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Although there are many studies in the literature on the static mechanical properties of biomaterials such as tensile strength, the dynamic mechanical properties of biomaterials such as modal loss factors have not been investigated in detail. In this study, the Young’s moduli and damping (or loss factors) of some jute and luffa fiber-reinforced biocomposites are investigated. The effects of fiber/resin ratio and thickness on the mechanical properties of the jute and luffa composites are identified via an experimental approach. For this purpose, acoustic and structural frequency response functions of some homogeneous and hybrid jute and luffa composite plates with different fiber/resin ratios and thicknesses are measured. By analyzing the measured frequency response functions using the circle-fit method, the modal frequencies and loss factors of the homogeneous and hybrid composite plates are determined. By assuming that the homogeneous plates are isotropic, the same plates are modeled using the finite element method, and by comparing the experimental and theoretical natural frequencies, the elastic properties of the homogeneous plates are determined. In addition, the same homogeneous plates are modeled by considering an anisotropic material model, and the associated material properties are determined. By using the identified material properties, the finite element models of the hybrid composite plates are developed, and by comparing their experimental and theoretical natural frequencies, the identified elastic material properties are evaluated and validated.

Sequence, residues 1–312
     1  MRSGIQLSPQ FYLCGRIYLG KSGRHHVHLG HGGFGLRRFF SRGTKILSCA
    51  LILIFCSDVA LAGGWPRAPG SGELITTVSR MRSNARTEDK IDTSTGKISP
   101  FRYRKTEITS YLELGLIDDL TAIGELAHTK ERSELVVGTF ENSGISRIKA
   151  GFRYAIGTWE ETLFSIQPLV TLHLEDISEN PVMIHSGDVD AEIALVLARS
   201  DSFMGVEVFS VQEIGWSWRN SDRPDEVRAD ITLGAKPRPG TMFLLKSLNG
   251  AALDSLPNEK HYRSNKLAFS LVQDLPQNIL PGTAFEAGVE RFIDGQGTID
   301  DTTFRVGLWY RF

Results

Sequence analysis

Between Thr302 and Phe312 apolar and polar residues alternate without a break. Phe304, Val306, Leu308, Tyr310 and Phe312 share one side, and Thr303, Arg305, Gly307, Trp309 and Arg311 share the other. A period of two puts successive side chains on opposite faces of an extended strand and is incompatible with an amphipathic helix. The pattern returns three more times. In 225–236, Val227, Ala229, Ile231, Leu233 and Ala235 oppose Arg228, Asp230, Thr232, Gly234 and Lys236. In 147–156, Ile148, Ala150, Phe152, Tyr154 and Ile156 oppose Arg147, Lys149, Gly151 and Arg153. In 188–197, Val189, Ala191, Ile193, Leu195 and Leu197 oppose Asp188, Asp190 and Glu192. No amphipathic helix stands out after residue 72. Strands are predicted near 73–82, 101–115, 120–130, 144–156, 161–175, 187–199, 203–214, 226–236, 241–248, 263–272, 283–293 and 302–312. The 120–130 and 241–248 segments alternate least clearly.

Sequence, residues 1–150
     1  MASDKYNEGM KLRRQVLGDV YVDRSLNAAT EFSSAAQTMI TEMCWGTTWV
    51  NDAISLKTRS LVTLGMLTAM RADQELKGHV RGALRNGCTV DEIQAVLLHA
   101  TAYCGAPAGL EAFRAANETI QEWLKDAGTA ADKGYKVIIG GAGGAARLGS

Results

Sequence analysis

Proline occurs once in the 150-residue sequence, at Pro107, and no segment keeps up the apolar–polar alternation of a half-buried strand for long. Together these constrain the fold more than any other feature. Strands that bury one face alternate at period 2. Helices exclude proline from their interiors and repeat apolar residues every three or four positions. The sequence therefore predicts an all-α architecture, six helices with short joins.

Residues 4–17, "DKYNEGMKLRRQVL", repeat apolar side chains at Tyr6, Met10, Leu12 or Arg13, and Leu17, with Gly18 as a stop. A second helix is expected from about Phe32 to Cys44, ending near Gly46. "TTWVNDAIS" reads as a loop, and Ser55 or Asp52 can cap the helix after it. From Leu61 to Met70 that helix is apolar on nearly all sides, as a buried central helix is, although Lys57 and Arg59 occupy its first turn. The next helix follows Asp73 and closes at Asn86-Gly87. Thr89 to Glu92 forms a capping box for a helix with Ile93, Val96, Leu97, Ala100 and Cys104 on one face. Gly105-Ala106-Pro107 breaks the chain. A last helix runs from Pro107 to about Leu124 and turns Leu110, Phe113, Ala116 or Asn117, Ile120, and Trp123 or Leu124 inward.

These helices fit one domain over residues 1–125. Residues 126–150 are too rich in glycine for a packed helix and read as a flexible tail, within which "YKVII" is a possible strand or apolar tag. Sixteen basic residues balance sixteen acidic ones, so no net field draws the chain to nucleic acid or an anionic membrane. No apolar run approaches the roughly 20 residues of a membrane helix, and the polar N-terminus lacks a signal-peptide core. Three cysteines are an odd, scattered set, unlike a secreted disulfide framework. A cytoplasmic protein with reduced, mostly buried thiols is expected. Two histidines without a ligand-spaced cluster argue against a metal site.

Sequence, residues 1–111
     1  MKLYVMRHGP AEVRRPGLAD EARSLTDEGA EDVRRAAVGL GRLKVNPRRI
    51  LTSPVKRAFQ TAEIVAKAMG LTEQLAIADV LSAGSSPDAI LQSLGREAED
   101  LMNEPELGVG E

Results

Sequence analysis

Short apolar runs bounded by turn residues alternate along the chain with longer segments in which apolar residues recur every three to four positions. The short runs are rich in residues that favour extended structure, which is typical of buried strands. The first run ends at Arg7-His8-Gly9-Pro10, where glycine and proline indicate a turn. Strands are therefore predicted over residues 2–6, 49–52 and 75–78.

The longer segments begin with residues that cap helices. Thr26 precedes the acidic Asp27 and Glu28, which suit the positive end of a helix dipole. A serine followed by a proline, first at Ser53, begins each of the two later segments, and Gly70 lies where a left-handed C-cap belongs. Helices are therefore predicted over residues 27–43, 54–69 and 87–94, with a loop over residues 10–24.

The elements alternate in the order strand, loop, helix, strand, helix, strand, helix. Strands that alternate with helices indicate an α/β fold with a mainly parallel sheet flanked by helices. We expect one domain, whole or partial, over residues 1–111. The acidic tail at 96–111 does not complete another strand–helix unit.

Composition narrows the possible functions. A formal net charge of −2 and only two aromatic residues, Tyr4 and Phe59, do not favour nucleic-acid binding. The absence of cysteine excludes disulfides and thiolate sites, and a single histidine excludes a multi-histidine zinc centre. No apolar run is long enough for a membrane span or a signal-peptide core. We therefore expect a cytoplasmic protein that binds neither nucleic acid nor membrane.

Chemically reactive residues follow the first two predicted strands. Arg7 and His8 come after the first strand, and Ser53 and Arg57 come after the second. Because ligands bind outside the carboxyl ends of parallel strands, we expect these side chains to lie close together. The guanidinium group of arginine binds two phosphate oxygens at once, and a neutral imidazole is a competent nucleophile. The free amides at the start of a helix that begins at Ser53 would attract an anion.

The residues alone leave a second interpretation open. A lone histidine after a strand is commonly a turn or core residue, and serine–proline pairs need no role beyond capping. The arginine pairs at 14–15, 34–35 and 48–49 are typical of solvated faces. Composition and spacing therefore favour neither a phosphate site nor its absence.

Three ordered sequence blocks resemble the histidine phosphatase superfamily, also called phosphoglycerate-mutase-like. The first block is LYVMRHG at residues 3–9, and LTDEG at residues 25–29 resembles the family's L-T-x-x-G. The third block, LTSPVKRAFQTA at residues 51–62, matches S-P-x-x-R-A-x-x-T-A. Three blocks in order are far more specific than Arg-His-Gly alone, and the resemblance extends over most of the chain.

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In this study, the acoustic and mechanical properties of many biofibers and their composites are presented. First, the sound absorption coefficients and transmission losses of commonly used natural fibers and their composites are presented, by clearly reporting the thickness of the samples, for three different frequency ranges (<500 Hz: low, 500–2000 Hz: medium, and >2000 Hz: high). In addition, the sound absorption coefficients (for low- and medium-frequency ranges) and noise reduction coefficients of some 40-cm-thick samples are overlaid in order to directly compare their performances. Second, the physical properties, such as the density, diameter, and length of biofibers, and mechanical properties, such as the damping (or loss factor) and Young’s modulus of biofibers and their composites, are presented in detail. For comparison purposes, the acoustic and mechanical properties of some conventional materials, such as carbon and glass fibers, are included in the tables and figures. Finally, the effects of some parameters, such as pretreatment, fiber diameter, fiber/matrix ratio, moisture content, manufacturing and machining parameters/techniques, and measurement conditions/methods, on the acoustic and mechanical properties of natural materials are presented. Furthermore, current applications and potential usage areas of natural fibers are briefly discussed.